The Beastie Boys song “Fight For Your Right” is essentially a stereotype at this point, inserted into movies or TV shows where parents just don’t understand. The Licensed To Ill classic has inspired countless scenes of teenage tomfoolery, but it seems at least one lyric from the song has become a real thing that inspired a real lawsuit in Michigan. Several reports out of the gloved state detail a suit between a man who alleges his parents threw out his collection of pornography.
Full credit goes to MLive here for writing a Beastie Boys-inspired headline here. But it’s also a bit too on the nose, which is why it’s a good thing that the Detroit Free Press also covered it, so we know this is a real thing that happened. A 42-year-old man, David Werking, recently won a lawsuit he filed against his parents for throwing out his [Beastie Boys voice] “best porno mag” as the result of a dispute in the home where they all lived.
The MLive story described the case against Beth and Paul Werking as the judge did, who said his parents should not have tossed out “a trove of pornography and an array of sex toys”:
“This was a collection of often irreplaceable items and property,” Greengard said.
His client had moved into his parents’ home in late 2016 after a divorce. After he left for Muncie, Indiana, he expected them to deliver his belongings. He later realized that a dozen boxes of pornographic films and magazines were missing.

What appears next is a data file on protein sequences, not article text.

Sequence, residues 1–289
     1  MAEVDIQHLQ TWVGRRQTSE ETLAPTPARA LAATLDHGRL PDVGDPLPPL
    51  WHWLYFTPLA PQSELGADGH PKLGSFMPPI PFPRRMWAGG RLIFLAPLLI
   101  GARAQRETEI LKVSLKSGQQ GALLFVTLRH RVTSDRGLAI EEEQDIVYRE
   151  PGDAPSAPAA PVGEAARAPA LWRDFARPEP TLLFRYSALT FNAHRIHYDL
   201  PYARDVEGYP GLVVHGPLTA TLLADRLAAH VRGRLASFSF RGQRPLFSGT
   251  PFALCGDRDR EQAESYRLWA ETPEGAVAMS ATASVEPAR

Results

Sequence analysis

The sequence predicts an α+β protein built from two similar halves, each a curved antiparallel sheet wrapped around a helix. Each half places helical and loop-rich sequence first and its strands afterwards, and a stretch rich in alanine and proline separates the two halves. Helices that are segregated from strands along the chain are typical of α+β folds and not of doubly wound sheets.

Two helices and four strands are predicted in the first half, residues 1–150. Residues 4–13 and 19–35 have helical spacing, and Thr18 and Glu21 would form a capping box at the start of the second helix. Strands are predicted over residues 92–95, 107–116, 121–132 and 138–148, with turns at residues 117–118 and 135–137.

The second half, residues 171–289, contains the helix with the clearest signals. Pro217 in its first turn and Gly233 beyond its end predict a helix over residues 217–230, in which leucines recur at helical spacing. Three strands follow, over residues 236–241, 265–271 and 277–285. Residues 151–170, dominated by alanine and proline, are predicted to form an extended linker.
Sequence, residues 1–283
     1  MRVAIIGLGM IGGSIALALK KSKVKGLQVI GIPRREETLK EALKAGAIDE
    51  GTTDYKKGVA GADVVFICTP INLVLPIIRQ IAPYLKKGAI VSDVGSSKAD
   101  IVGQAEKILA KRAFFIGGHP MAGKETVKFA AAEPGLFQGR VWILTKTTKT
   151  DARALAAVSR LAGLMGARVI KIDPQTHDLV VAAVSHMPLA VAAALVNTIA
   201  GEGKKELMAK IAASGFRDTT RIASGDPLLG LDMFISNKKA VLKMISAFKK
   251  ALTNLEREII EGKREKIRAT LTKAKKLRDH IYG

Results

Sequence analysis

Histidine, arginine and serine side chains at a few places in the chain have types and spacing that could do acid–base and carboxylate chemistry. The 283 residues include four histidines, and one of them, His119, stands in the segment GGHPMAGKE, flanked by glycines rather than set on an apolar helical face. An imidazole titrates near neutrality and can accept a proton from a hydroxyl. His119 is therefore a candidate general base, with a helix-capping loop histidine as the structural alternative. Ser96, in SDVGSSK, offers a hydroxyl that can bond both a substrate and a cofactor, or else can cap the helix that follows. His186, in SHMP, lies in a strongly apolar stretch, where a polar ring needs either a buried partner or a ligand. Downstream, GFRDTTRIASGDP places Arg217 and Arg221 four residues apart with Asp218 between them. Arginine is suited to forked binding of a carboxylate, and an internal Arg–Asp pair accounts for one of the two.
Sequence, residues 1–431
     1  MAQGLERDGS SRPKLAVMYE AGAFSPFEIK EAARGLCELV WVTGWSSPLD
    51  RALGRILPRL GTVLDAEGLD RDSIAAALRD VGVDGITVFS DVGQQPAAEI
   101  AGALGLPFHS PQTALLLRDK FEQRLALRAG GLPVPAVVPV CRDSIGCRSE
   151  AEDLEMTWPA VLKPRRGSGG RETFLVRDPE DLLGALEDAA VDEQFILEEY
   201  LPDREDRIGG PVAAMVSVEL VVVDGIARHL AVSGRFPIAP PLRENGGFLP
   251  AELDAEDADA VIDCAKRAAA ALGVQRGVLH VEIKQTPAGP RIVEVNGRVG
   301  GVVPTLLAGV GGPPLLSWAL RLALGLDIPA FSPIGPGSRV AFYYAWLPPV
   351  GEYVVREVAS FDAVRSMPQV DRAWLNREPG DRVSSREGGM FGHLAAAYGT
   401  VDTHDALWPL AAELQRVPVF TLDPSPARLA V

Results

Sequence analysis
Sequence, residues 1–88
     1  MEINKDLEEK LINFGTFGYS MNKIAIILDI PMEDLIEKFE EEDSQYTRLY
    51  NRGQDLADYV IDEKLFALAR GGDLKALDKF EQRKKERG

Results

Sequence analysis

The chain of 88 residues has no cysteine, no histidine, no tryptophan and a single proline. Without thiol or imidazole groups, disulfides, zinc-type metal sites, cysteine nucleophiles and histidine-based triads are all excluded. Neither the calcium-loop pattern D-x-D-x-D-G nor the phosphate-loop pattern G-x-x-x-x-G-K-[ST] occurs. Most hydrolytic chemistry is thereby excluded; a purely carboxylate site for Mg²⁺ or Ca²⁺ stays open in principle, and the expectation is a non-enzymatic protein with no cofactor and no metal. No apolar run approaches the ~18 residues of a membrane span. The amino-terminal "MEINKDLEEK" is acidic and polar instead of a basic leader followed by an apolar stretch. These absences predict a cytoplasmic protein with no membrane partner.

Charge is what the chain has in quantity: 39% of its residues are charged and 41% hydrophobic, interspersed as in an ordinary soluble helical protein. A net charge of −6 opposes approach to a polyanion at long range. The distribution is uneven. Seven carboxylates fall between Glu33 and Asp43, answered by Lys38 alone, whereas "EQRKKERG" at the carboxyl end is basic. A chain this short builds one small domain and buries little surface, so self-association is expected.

His father said in an email: “Frankly, David, I did you a big favor getting rid of all this stuff.”
The judge earlier rejected the parents’ request to dismiss the case.
Werking claims he’s owed $25,000 in damages, which is a lot of smut. But the case itself is very weird, to say the least. Apparently the “incident” stems from a 2017 matter where the parents asked Werking to leave the home for at least three days. According to the judge’s ruling, he tried to contact his parents and get back his illicit materials, but they weren’t happy about him even having all that porn in the first place:
The parents said they had told their son when he moved in that he could not bring pornography into their home or it would be destroyed. They also contended he had abandoned the property and said he could have mitigated his losses by removing it himself.
The judge said the parents would not allow him back and that they said they would ship his property to him.
The parents had kept some materials, described as the “worst of the worst,” in a safety-deposit box, concerned it could be illegal.
Authorities apparently reviewed the material to check for anything illegal like child pornography, and came up with nothing incriminating. Which must have been a very weird trip to the bank but, hey, a job’s a job.